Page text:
Despite the lack of a building at that time, from 1941 to 1958 the St. Anne Society under Father Patrick McLaughlin encouraged links between the literary world and the Church of England, with members such as Fr Gilbert Shaw, J. C. Winnington-Ingram, Charles Williams, Agatha Christie, T. S. Eliot, Fr Max Petitpierre, Dom Gregory Dix, Arnold Bennett, C. S. Lewis and the churchwarden Rose Macaulay. Continuing the work of the church's 18th and 19th century philanthropic rectors, in the 20th and 21st centuries the "Vestry of St Anne's" (now called the Parochial Church Council) has been active in social work with London's poor and homeless (Kenneth Leech founded the charity Centrepoint in St. Anne's House's basement in December 1969 whilst he was assistant priest at St Anne's and it remains based at the church). The Church is currently thriving as a church community and as venue for many local community and charitable events and meetings; it also houses the Soho Society, the archives of MoSoho (the Museum of Soho) and (from June 2016) anti-homophobic bullying charity Diversity Role Models. To celebrate the 25th anniversary of the rebuilding of the church a redesigned entrance on Dean Street was unrevealed on 8 December 2016.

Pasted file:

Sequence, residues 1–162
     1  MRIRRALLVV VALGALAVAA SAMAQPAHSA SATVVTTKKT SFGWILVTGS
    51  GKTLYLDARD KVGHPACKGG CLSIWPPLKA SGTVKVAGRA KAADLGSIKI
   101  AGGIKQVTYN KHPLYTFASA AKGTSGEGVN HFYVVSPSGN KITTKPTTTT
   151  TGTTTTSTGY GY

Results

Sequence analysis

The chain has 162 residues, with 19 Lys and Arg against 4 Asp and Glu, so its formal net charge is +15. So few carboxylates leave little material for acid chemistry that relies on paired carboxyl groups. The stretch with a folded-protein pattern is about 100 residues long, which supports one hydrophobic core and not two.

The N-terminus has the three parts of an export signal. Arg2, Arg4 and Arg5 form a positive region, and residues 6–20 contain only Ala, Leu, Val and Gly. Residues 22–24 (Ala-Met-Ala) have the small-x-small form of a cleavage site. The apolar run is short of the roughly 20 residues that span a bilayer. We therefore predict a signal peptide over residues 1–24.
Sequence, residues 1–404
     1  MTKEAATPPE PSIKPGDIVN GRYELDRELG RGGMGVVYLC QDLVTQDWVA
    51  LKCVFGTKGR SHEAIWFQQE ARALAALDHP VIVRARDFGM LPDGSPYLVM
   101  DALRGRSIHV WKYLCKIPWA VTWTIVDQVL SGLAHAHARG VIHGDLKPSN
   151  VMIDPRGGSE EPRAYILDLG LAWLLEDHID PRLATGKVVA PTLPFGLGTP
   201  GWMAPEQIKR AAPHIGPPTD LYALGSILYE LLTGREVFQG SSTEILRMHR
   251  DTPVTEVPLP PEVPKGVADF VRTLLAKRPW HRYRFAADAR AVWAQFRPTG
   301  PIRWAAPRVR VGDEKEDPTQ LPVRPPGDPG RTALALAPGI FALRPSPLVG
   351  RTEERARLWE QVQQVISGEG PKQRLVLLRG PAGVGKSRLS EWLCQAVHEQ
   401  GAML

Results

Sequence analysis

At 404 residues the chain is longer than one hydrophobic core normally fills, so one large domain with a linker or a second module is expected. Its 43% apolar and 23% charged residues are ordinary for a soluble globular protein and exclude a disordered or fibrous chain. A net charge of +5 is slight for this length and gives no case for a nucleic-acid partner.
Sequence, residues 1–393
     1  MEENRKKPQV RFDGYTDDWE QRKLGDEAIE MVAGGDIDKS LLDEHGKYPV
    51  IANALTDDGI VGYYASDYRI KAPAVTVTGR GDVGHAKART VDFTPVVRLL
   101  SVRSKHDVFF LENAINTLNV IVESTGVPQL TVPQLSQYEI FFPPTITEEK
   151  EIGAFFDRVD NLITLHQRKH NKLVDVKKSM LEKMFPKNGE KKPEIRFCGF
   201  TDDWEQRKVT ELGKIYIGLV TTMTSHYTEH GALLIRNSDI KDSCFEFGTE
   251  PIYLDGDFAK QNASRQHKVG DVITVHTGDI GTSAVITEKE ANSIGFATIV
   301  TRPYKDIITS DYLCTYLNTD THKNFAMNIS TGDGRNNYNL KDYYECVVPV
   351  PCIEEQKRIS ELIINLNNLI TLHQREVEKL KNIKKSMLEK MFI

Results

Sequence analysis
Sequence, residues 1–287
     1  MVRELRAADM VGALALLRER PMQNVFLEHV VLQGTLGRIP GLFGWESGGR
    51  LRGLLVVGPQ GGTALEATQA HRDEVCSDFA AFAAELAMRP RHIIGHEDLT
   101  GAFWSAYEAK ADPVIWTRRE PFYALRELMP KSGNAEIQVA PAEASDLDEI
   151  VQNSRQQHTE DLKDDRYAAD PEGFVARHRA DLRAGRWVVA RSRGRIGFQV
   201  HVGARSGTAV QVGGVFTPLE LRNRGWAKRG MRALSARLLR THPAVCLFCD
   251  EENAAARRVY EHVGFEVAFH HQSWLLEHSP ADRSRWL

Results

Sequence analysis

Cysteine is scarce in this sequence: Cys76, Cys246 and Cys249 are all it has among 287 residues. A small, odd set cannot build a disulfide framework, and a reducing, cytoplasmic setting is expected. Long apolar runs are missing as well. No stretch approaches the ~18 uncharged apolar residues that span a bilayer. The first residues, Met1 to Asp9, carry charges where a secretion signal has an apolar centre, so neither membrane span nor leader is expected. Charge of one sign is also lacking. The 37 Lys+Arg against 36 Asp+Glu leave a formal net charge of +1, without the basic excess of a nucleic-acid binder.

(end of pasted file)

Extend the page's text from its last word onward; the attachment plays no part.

The new entrance was designed by students Lina Viluma and Sherief al Rifa’i, who were chosen as a result of a competition to redesign the entrance of Saint Anne's. The judges of the President's Award for alterations to a church building in the 2017 Church Architecture Awards said that "The design has a strong idea but has been carefully refined employing subtle geometries in the ceiling and joinery. These elements have been combined with a striking lighting scheme to make a dynamic and inviting entrance to the church." [6]

Rectors of St Anne's Church, Soho

Rector died in post

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Coordinates: 51°30′45″N0°07′56″W / 51.5124°N 0.1323°W / 51.5124; -0.1323